What's the best way to ship a pool table you bought on ebay directly to your house? How about a 3D Printer? What about a couch from Wayfair? When it comes right down to it, you have two options: LTL or whiteglove. As more of ecommerce shades direct to consumer the transportation industry has some strides to make to catch up. This also has implications for the myriad of businesses now run from a residence.
There’s a network of super men and women whipping around the country in specially equipped sprinter vans. You probably haven’t even noticed them but there’s one within 45 miles of your location at any given time ready to swoop in at a moment’s notice and shuttle your hot shipment (4 skids or less) anywhere on terra firma. They’re the surface expedite army and they are the swiss army knives of the freight industry.
You’re importing goods for your business. One of the most important decisions you’ll make is what INCO term you use for your shipment. INCO terms are trade terms published by the International Chamber of Commerce (ICC) that are commonly used in international trade contracts. These 3-letter terms are important because they define the tasks, costs, and risks associated with the transportation and delivery of goods. INCO terms create a common ground for international trading partners to establish who pays for what.
You are moving a shipment using an LTL service. A lot is riding on it: It’s the first impression you get to make on your customer. If it moves out on time your business will look like a well oiled machine. But if it not…you’ll look like the other guy. Even overlooking a seemingly small detail can trigger a chain of negative events with catastrophic results for your business. It can cost you valuable time, money, resources and worst of all, customers.
When you hear the term ‘Air Freight’ you probably cringe a little because in shipping it’s usually associated with expensive mistakes. But, if you’re like me and you have hidden inside an air freight shipment once just to see exactly what happens on it’s journey, you might already know about the following counter-intuitive facts about the world of expedited freight transportation.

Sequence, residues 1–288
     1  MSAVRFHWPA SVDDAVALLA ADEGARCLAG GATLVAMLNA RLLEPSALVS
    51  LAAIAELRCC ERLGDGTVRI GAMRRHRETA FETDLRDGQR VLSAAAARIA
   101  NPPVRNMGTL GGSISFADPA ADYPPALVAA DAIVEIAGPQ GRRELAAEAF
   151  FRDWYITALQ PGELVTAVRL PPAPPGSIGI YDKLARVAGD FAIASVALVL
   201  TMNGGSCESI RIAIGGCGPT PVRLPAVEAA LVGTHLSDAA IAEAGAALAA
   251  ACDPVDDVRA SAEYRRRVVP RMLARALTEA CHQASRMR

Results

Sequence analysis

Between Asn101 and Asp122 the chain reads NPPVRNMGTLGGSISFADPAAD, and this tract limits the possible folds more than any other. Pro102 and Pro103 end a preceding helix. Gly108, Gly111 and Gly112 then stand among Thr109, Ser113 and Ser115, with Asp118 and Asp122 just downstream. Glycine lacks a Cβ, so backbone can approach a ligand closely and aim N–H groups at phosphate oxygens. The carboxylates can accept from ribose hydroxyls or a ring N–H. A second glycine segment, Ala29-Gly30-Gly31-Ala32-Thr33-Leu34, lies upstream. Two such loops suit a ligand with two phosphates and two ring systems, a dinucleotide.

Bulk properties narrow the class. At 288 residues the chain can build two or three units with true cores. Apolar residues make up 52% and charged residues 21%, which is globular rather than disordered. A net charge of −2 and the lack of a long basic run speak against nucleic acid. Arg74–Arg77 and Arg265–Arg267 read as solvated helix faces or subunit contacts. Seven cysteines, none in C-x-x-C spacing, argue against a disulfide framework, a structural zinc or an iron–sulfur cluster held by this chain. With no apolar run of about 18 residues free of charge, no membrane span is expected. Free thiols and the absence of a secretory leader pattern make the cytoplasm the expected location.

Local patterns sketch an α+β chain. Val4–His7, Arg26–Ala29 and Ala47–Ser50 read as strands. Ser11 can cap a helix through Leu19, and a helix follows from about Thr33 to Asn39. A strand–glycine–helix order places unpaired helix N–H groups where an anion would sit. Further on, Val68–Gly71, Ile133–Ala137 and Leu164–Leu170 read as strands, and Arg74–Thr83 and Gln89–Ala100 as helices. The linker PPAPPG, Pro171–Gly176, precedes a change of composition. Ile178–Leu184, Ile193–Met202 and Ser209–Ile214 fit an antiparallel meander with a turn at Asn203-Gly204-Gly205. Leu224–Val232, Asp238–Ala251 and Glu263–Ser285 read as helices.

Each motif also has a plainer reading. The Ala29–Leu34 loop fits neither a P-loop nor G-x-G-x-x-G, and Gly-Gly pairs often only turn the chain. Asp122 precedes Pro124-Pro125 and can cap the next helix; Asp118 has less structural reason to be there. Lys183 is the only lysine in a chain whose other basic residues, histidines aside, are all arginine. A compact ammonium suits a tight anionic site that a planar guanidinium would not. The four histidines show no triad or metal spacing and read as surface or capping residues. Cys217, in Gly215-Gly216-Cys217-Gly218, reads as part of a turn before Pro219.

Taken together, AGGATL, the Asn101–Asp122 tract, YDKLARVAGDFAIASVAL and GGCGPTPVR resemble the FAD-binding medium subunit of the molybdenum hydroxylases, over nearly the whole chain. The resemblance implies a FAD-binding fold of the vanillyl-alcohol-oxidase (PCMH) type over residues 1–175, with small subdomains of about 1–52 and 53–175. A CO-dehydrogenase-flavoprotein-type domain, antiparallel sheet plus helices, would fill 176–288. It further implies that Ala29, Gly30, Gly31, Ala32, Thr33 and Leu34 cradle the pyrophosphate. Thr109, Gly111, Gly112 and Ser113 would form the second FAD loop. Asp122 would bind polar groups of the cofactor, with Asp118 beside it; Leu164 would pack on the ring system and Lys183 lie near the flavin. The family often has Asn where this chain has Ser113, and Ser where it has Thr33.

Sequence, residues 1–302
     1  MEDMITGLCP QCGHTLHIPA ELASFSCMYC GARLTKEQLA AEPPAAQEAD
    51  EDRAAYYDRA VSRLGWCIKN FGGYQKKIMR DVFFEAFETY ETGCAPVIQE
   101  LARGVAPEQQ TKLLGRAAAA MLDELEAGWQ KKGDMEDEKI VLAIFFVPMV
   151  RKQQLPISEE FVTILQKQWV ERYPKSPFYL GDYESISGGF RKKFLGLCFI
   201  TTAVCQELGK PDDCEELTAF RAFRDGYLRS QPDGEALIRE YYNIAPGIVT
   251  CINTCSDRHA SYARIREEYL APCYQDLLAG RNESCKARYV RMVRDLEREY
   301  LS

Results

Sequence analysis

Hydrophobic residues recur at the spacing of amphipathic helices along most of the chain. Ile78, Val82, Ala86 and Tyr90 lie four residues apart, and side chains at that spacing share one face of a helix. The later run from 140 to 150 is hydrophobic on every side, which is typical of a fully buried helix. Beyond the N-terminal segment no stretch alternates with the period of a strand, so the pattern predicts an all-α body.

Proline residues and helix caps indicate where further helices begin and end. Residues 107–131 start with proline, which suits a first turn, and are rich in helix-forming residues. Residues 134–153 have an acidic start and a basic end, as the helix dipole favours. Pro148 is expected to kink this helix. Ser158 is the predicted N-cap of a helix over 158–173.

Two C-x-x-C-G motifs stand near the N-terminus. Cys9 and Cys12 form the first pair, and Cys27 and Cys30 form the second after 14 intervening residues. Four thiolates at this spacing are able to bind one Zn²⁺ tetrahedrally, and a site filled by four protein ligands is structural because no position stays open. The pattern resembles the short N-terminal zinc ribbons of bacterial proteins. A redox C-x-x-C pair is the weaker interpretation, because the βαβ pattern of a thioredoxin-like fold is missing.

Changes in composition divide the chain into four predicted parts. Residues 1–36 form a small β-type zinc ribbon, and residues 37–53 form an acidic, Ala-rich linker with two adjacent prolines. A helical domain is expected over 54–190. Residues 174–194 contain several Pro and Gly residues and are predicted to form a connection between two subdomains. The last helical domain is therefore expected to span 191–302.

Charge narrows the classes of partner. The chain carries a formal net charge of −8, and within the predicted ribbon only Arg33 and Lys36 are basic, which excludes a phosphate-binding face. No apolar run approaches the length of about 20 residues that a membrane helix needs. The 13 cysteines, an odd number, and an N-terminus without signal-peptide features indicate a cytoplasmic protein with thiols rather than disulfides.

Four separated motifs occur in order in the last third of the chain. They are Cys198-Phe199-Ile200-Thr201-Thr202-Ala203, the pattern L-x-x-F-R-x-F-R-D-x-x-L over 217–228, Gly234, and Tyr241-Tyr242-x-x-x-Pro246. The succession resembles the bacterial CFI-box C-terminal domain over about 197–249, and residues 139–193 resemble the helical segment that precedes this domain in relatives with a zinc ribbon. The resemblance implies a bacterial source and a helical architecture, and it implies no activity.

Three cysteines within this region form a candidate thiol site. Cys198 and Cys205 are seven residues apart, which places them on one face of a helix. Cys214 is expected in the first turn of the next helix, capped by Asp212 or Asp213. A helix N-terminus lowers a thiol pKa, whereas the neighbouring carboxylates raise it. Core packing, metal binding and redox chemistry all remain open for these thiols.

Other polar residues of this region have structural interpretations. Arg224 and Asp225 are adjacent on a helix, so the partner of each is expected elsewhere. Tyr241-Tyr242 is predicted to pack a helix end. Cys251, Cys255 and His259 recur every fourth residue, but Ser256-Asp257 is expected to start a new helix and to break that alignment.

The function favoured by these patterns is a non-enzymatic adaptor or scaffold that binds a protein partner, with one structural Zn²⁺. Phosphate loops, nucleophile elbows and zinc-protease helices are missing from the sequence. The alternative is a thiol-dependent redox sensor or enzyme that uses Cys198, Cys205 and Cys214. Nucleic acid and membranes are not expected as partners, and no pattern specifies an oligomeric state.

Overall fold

You’ve used a respectable national freight carrier for your freight shipments for a long time, perhaps even years, and you’re happy enough. What’s not to like? Your rep is a nice guy, he stops by every month to ask about your kids and drop some company schwag, and it’s just easier to keep doing what you’ve been doing.
But could a freight broker be even better for your business?
You run a business. You have clients demanding product. You are really freakin busy. How do you make sure you have enough product on hand to fill orders? What can you do to make sure things run smoothly in your demand chain (coinin' that)? Well, the answer is A LOT actually! This blog post will tell you exactly what to expect with inbound freight shipments in the New England area and how to handle your LTL freight shipments like a freight boss.
The best way to think about Concealed Damage is like a new car on a lot. The second you drive off the premises the value drops like your 401K did in 2009 (actually worse). Likewise, the moment you sign the delivery receipt 'clear' and the driver leaves the freight on your dock, it loses 2/3 of it's recoverable value. Yup, 2/3 right off the bat. Which is why you need to be cynical and handle it with a cool head.